Language Selection

English French German Italian Portuguese Spanish

Ubuntu 13.10 (Saucy Salamander) review: Smart Scopes in, Mir out

Filed under
Ubuntu

With relatively little that's obviously new, the final release of Ubuntu 13.10 (Saucy Salamander) seems a somewhat obligatory event. Of course it does feature a new revision of the Linux kernel (version 3.11.0-12) and a new revision of Unity. Also, as with every release, a lot of work has been done improving the various modules that make up the operating system, fixing bugs, eliminating vulnerabilities and improving performance. However, Ubuntu 14.04 LTS, due for release on 17 April next year, will now perhaps come as even more of a shock if its promised big changes are fully realised.

Mir fails to make the cut

Canonical has said that Ubuntu 14.04 and the Unity Next interface, which will support desktop, TV, tablet and smartphone form factors, are dependant on Canonical's new display server, Mir. With this in mind, the Ubuntu developers had hoped to have an early release of Mir running in Ubuntu 13.10 — and indeed it did feature as an option in the beta release, as noted in our Beta 1 preview. Unfortunately, Mir has now been dropped from 13.10 due to technical difficulties and the final release reverts to the X Windows server. Officially this is due to problems with multi-monitor support, but Linux developer Matthew Garrett blogs that, in his opinion, there is rather more to it than that.

rest here




More in Tux Machines

Laptops: Chrome OS and System76

  • Chrome OS Gets Material Design for "Do Not Disturb," Android-Like Screenshots
    Chromium evangelist François Beaufort is sharing today information on a new Material Design refresh for Google's Chrome OS' "Do Not Disturb" mode, which landed in the latest Chrome Canary channel. According to the developer, the Material Design refresh for the "Do Not Disturb" mode will make the Notification Center look nicer, but also consistent with the Android user experience. Those using the Chrome Canary experimental channel can give it a try right now.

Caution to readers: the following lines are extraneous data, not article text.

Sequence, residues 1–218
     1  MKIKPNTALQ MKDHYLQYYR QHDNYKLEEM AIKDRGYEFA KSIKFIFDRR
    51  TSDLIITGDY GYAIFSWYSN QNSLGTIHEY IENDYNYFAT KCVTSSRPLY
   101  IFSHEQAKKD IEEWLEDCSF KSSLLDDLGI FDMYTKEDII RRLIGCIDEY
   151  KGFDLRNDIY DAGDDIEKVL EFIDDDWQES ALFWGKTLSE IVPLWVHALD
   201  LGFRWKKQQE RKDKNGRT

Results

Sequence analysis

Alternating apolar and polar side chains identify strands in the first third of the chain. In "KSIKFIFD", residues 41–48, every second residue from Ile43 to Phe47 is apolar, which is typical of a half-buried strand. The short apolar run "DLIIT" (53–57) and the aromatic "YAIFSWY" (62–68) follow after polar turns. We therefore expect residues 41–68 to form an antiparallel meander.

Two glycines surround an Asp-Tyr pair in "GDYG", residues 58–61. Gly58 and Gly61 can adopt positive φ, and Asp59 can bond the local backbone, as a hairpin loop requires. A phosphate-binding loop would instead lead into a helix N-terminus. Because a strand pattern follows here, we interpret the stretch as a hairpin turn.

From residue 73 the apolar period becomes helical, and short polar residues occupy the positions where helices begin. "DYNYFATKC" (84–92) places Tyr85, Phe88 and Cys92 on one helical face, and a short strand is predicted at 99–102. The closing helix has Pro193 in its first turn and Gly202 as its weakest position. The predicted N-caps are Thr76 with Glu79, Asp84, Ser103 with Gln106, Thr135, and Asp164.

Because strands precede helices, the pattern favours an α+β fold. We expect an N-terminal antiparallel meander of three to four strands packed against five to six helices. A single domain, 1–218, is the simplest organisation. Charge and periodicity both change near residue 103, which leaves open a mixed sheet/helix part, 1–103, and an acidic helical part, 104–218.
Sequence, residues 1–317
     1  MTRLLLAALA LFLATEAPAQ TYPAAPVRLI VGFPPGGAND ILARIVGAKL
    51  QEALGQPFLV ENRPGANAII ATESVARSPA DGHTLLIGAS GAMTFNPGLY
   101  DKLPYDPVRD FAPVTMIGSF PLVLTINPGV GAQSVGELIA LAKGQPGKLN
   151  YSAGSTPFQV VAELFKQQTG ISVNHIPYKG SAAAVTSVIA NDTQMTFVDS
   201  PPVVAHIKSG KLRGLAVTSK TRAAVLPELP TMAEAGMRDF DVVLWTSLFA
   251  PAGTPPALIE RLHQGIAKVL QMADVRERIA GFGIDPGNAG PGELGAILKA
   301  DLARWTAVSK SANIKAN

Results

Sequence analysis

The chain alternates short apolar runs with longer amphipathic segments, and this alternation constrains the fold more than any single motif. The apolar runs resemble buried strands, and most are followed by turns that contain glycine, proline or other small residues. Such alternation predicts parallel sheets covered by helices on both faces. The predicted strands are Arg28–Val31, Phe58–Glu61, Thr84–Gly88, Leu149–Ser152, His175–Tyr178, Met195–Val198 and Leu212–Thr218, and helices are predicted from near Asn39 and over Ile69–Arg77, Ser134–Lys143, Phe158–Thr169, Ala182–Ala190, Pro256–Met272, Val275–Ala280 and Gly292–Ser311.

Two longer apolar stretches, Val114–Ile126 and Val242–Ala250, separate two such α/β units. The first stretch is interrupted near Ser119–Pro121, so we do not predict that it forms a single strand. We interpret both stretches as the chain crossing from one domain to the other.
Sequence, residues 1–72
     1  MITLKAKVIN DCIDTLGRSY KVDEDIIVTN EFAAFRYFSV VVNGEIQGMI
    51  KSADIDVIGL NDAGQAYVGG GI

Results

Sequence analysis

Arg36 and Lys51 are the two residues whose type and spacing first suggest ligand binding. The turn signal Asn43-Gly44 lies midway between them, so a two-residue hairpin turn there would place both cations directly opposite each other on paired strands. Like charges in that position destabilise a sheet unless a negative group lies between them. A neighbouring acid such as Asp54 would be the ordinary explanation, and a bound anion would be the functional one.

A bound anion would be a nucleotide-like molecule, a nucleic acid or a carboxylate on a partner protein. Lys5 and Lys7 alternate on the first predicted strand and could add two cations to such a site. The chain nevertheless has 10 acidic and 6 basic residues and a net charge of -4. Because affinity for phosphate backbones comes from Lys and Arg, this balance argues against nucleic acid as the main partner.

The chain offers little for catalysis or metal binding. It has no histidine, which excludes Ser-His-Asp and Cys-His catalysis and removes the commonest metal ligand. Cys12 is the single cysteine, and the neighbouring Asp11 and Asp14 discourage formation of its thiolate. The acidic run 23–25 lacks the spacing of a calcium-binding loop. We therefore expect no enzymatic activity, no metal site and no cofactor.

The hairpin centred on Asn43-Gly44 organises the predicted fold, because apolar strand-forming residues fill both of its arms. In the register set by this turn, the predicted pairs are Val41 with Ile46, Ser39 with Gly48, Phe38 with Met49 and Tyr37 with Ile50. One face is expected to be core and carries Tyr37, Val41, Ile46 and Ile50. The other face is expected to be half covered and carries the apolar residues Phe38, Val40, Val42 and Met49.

• System76 'Lemur' and 'Galago Pro' Ubuntu Linux laptops get 8th gen Intel Core CPUs
    The famed Linux-laptop seller also says, "The Lemur you know and love is now even better with the Intel 8th Gen Coffee Lake CPU with 4 cores and 8 threads, allowing you to multitask up to 40-percent faster. The slim, 3.6 lb laptop with impressive 14.1-inch 1080p IPS display is still your perfect travel companion; easy to carry from meeting to meeting or across campus." New processors aside, these laptops should be pretty much identical to prior generations -- which is a very good thing. If you want to configure a Lemur with a Coffee Lake chip, you can build your own here. A Galago Pro with an 8th Gen Intel Core processor can be configured here.

Events: Open Source Summit Europe, LibrePlanet 2018

Licences: Eclipse Public Licence 2.0, GPL Copyright Troll, Fiduciary License Agreement 2.0

  • Eclipse Public License version 2.0 added to license list
    We recently updated our list of various licenses and comments about them to include the Eclipse Public License version 2.0 (EPL). In terms of GPL compatibility, the Eclipse Public License version 2.0 is essentially equivalent to version 1.0. The only change is that it explicitly offers the option of designating the GNU GPL version 2 or later as a "secondary license" for a certain piece of code.
  • Linux kernel community tries to castrate GPL copyright troll
    Linux kernel maintainer Greg Kroah-Hartman and several other senior Linux figures have published a “Linux Kernel Community Enforcement Statement” to be included in future Linux documentation, in order to ensure contributions to the kernel don't fall foul of copyright claims that have already seen a single developer win "at least a few million Euros.” In a post released on Monday, October 16th, Kroah-Hartman explained the Statement's needed because not everyone who contributes to the kernel understands the obligations the GNU Public Licence 2.0 (GPL 2.0), and the licence has “ambiguities … that no one in our community has ever considered part of compliance.”
  • Fiduciary License Agreement 2.0
    After many years of working on it, it is with immense pleasure to see the FLA-2.0 – the full rewrite of the Fiduciary License Agreement – officially launch.

Security: Let’s Encrypt, Updates, Google, DHS, Adobe